Alfonso García Robles, a little-known Mexican nobel

The Tlatelolco Treaty, which bans nuclear weapons in Latin America signed in 1967 and is still in force, was the great legacy of diplomat Alfonso García Robles, the least known Mexican Nobel Prize winner of the three in the country.

García Robles won the Nobel Peace Prize in 1982; the second Nobel Prize for Mexico was Octavio Paz who won the Literature Prize in 1990 and the third was Mario Molina, who was awarded the Chemistry Prize in 1995.

García Robles’ work consisted of promoting and promoting the consolidation of the Treaty for the Prohibition of Nuclear Weapons in Latin America in 1967.

On February 14, 1967, the signing of the Treaty of Tlatelolco was opened, which prohibits the development, acquisition, testing and deployment of nuclear weapons in Latin America and the Caribbean.

The Treaty is considered an important contribution of Mexican diplomacy to international peace and security, which arose during the Cold War era as a response to the threat of a possible direct confrontation, in the Caribbean Sea, between the United States and the then Union. Soviet.

As president of the Preparatory Commission for the Denuclearization of Latin America, and commissioned by President Adolfo López Mateos (1958-1964), García Robles led the meetings that were held in Mexico City from 1964 to proscribe nuclear weapons in Latin America .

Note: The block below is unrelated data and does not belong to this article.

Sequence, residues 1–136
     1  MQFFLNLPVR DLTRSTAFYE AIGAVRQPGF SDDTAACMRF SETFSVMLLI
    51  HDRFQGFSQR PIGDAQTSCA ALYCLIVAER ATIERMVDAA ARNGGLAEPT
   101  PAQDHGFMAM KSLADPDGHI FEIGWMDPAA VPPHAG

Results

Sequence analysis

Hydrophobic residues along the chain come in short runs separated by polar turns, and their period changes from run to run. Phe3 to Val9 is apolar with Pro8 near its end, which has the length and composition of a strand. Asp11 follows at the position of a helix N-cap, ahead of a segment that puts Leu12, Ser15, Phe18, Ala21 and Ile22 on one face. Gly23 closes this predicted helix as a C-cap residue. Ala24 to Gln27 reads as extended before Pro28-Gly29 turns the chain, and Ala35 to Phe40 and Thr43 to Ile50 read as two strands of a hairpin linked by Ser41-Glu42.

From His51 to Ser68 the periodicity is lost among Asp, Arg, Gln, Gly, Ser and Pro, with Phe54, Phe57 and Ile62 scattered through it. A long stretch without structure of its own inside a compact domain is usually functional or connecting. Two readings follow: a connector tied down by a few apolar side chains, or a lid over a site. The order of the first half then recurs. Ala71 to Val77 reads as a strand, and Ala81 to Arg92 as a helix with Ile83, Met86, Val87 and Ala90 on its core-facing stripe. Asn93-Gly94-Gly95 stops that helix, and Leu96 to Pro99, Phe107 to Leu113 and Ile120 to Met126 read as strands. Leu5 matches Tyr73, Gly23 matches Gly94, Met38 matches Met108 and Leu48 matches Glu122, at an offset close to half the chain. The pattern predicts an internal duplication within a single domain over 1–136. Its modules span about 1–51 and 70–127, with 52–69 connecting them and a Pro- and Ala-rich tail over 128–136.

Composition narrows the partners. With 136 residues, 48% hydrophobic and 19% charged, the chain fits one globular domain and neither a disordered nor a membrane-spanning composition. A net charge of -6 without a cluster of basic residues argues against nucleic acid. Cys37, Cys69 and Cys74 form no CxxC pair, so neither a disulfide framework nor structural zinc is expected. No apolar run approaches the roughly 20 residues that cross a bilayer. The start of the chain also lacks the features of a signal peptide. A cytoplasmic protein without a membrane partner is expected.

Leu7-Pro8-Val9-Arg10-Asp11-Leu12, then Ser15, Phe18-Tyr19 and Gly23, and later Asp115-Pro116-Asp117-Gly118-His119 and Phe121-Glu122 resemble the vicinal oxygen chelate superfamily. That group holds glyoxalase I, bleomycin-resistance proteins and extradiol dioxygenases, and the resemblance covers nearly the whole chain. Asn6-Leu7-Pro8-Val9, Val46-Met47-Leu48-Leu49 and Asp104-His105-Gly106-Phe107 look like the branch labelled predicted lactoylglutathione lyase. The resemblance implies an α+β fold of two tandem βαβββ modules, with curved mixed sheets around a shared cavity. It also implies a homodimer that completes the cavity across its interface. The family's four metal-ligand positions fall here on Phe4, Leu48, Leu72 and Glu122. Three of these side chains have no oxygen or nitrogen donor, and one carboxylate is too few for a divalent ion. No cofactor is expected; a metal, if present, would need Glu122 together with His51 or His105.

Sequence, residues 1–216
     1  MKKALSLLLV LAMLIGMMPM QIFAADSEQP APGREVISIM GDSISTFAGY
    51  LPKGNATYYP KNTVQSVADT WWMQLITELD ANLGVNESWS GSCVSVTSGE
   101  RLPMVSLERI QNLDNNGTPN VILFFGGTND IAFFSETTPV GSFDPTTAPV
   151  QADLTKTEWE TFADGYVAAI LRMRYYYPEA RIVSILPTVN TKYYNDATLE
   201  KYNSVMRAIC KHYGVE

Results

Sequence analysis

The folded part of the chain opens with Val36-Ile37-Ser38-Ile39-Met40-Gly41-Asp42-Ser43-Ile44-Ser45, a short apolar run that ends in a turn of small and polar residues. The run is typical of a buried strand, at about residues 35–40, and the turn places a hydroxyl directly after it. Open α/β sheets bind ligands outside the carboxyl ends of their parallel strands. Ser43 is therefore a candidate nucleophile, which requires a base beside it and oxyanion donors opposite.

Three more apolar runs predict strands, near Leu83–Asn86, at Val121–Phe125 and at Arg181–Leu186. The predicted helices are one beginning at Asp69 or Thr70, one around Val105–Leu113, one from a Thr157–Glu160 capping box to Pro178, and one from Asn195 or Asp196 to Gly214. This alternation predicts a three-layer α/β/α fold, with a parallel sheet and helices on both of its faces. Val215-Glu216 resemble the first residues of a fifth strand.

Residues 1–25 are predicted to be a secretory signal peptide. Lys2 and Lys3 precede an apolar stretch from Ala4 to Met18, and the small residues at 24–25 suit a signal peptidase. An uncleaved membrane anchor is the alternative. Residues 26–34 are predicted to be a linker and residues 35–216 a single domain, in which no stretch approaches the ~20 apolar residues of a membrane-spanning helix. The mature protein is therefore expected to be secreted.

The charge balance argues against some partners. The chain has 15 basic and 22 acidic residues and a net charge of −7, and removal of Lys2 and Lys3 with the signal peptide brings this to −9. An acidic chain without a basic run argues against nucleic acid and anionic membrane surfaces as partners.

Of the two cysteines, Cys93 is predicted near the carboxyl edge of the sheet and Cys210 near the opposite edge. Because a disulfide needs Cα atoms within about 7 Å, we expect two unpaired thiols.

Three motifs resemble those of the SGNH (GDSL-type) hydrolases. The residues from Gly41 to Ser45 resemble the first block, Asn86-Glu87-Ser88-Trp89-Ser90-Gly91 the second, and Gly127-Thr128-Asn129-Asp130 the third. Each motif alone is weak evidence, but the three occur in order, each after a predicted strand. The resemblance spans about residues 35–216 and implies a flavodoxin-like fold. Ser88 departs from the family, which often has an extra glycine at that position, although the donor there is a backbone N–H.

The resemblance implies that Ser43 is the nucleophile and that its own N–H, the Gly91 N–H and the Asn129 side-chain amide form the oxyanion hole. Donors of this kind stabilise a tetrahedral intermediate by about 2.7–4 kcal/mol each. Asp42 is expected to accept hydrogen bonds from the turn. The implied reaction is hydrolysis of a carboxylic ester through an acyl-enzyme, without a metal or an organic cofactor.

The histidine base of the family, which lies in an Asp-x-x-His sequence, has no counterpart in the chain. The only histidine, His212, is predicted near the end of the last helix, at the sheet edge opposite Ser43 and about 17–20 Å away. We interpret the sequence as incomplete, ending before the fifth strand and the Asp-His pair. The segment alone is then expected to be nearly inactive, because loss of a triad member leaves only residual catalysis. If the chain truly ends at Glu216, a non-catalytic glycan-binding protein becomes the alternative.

The agreement made Latin America and the Caribbean the first densely populated region free of nuclear weapons.

In recognition of this diplomatic milestone, García Robles received, at the age of 71, the Nobel Peace Prize in 1982, a distinction that he shared with the Swedish Alva Myrdal.

José Alfonso Eufemio Nicolás de Jesús García Robles, full name of the diplomat, was born in the city of Zamora, state of Michoacán, on March 20, 1911, and died in Mexico City on September 2, 1991.

He graduated in Law from the National Autonomous University of Mexico (UNAM) and later did postgraduate studies at the Institute of High International Studies of the Faculty of Law of the University of Paris (1936).

He also studied a diploma at the Academy of International Law in The Hague, Holland in 1938 and a year later he entered the Mexican Foreign Service as third secretary of the legation in Sweden.

After his commission in the Treaties of Tlatelolco, García Robles was appointed ambassador of Mexico to the UN from 1971 to 1975 and presided over the Group of 77, a group of developing and under-developed countries with the common objective of helping each other. , sustain and support each other in the deliberations of the UN.

In 1976 he was appointed Secretary of Foreign Relations by President Luis Echeverría (1970-1976) and in 1977 he was the permanent representative of Mexico in the United Nations Committee on Disarmament in Geneva.

A year later he was president of the Mexican delegation in the First Special Session for Disarmament of the UN General Assembly and in 1981 President José López Portillo (1976-1982) appointed him Ambassador Emeritus.

Then, in September 1982, he was awarded the Mexican Foreign Service Decoration and a month later, in October 1982, he was awarded the Nobel Peace Prize.

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Alfonso García Robles, a little-known Mexican nobel

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